These forthcoming Leopard capabilities are not hyped on Apples site. Still, developers expect them and theyre mostly working in the Leopard builds.
Leopards Flash Cache Secret
But for Apple, a software feature can also be a hardware feature. Heres my own very circumstantial conjecture to support another rumored Leopard feature.
Back in the summer, I wrote about Intels progress on Robson, the companys forthcoming flash cache architecture. Supporting Windows Vistas ReadyDrive and ReadyBoost acceleration technologies, Robson offers an alternative to the use of “hybrid” flash-enabled hard disks and external flash thumb drives. The architecture comprises a flash cache of up to 4GB, a controller ASIC on a PCI Express minicard and driver software on the host computer.
There are several advantages that Robson has over the use of thumb drives and hard disk caches for this system acceleration. First, because its placed inside the computer, its considered “safe” and the system trusts its data integrity between sleep states or even shut downs. Vista rebuilds the cache on a thumb drive in between sleeps. This saves time and creates a better user experience.
In the case of flash on hard drives, Robson can economically support a larger cache than drive makers might consider. Currently, no hybrid drive is being manufactured, although a couple of companies say they expect to ship product by the end of March.
On the other hand, Robson has some downsides for computer vendors. The architecture would add extra cost to PC notebooks in a market that frowns upon extras. And theres currently little perceived value in these caches.
Intels control over the flash chips used for Robson implementations may also be a problem for some. In presentations at Junes Flash Memory Summit conference, Knut Grimsrud, director of storage architecture for Intels storage technologies group, said Robson machines would only use Intel NAND flash for QA (quality assurance) reasons.
Yet for Apple, these points might not be deal breakers. The company is used to including proprietary interfaces or connectors on its hardware, especially for its notebooks. For example, Apples MacBook Pro uses MagSafe, a magnetic power connector that can keep your notebook on the table instead of being pulled down to the floor.
In addition, Intel would be seen as a trustworthy partner for this outside technology. The company is Apples technology partner now. Since Robson takes control of the flash management and will use its own home-grown wear-leveling algorithms for the onboard cache, this might be a plus for Apples concerns about QA.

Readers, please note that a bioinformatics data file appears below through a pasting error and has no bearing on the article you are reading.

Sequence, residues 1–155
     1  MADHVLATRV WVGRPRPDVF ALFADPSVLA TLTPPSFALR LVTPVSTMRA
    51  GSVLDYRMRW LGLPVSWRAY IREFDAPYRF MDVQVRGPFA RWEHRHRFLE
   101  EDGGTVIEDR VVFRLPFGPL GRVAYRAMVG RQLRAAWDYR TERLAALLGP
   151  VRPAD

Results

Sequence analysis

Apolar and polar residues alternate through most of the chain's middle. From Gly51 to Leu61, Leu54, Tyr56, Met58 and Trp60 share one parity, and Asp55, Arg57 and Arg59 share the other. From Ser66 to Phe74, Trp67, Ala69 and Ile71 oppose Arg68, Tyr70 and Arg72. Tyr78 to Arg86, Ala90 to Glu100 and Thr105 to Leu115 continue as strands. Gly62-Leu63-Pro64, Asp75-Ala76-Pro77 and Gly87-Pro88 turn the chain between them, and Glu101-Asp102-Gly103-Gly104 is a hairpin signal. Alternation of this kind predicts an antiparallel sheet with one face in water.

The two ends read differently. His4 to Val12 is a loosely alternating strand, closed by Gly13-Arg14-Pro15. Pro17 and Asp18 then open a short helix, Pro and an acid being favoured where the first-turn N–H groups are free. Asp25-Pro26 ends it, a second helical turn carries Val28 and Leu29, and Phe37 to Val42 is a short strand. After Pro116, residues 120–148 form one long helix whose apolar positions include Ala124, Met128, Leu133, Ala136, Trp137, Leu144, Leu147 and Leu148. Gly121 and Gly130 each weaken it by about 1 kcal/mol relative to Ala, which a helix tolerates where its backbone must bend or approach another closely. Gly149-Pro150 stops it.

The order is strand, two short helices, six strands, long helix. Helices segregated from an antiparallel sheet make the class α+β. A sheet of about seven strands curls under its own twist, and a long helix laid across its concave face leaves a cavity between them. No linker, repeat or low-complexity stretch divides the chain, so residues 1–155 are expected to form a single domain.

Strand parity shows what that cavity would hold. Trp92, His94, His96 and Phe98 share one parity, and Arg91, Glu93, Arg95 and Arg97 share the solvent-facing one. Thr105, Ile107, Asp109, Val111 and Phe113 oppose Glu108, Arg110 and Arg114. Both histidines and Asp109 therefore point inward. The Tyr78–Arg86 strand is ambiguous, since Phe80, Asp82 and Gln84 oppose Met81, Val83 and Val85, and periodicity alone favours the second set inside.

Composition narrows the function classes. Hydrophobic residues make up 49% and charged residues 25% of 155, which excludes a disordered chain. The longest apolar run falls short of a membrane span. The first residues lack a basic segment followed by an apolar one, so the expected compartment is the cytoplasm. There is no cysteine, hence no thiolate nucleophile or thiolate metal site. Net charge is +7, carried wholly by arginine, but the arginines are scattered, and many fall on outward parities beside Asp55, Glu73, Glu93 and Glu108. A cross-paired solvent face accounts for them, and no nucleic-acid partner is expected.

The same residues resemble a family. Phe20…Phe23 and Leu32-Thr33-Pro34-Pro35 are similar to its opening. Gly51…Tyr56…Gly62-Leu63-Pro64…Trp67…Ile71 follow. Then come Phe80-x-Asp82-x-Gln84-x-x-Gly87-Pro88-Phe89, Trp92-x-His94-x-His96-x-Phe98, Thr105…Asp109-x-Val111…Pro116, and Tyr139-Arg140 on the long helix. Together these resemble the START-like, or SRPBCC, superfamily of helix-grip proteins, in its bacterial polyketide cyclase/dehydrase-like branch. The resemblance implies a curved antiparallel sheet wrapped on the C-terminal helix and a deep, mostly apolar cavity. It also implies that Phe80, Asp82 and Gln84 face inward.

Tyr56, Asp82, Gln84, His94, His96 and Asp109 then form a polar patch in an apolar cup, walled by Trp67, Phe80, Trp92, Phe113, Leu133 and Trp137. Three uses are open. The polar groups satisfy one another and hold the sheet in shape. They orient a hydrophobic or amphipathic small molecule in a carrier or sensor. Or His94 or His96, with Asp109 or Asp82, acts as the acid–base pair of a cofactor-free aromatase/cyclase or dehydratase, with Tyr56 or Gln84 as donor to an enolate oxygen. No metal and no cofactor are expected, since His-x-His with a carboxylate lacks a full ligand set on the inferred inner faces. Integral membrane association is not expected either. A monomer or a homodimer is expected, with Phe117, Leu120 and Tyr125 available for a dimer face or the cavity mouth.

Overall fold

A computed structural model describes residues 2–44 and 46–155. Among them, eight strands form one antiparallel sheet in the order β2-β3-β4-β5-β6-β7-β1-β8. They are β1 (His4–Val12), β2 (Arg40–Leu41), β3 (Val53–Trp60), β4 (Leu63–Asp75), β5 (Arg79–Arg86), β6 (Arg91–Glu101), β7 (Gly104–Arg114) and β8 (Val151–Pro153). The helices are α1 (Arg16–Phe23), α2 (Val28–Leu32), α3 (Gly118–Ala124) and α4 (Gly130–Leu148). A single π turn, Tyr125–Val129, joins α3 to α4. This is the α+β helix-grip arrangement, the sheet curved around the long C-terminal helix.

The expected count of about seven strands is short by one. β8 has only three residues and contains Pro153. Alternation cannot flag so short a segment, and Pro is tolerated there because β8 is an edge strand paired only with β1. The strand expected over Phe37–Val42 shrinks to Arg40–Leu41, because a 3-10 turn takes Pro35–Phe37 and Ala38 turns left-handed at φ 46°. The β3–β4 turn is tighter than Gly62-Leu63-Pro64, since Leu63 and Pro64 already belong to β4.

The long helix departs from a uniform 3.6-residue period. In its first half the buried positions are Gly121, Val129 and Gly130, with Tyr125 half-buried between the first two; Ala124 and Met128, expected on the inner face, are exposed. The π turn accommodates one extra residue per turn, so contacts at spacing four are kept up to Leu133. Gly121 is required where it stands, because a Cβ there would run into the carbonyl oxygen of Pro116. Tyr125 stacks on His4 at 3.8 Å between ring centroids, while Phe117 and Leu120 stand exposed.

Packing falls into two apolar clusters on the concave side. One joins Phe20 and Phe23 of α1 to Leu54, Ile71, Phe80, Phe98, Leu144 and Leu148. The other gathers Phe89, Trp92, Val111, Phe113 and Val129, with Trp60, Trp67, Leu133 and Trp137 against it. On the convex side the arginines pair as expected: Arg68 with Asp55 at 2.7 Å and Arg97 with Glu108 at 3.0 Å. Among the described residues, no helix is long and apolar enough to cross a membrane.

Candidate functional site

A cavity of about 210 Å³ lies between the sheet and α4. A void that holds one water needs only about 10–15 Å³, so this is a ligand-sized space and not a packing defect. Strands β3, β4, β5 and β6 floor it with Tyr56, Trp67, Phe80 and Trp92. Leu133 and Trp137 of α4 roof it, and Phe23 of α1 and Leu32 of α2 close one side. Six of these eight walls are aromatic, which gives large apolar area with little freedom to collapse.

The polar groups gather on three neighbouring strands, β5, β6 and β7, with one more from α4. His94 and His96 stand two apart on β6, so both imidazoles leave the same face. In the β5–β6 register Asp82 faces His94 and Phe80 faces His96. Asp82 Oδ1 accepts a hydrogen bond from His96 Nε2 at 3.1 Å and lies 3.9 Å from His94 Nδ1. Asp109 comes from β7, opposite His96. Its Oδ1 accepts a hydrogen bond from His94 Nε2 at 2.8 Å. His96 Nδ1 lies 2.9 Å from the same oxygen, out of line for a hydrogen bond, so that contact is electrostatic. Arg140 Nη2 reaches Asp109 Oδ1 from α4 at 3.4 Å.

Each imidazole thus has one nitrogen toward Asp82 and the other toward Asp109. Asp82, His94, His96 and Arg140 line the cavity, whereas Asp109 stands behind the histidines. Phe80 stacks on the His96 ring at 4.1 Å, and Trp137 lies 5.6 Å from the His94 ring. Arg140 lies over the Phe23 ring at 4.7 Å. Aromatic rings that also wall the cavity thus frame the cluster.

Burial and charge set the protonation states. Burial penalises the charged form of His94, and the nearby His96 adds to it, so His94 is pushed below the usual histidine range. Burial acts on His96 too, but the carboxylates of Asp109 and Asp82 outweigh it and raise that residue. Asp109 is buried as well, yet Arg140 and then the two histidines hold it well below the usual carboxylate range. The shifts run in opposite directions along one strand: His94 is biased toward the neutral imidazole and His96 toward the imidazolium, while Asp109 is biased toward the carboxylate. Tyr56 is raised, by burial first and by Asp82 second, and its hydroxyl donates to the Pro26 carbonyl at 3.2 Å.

Certainly, the inclusion of Robson on Apple systems would bring an improved user experience, something that Apple values.
Finally, at the June 2006 conference, Intel representatives kept pointing to June 2007 as the expected arrival date for the Robson technology. Now, that date may have been bandied about because Microsoft at that time was pushing a requirement that mobile systems include a flash cache or hybrid drive in order to receive the highest Vista logo.
But that timing also fits well for Mac systems that ship after the release of Leopard.
In a ironic touch, Apple could become the first system vendor to ship a machine with an expanded flash cache architecture as standard equipment. Currently, no PC vendor has announced support for Robson or for including a hybrid drive.
Of course, neither Apple nor Intel has said anything about Robson on a Mac. Just as we would expect.
However, Intels Grimsrud told me last June that there was nothing to prevent Robson technology from being used by other OSes.
“Theres no commitment yet for other operating system support based on what customers want,” he said.
Sounds like a go to me.
Lessons From WWDC 97
As I mentioned at the top of the story, the 1997 reorganization created a stir inside and outside Apple. It was announced at the Apple shareholders meeting in the first full week of Feb. R&D and marketing organizations were moved around among the top brass.
Then CEO, Gil Amelio, said the company would trim $400 million in R&D expenses and administrative overhead. Analysts expected cuts of 2,000 to 3,000 employees.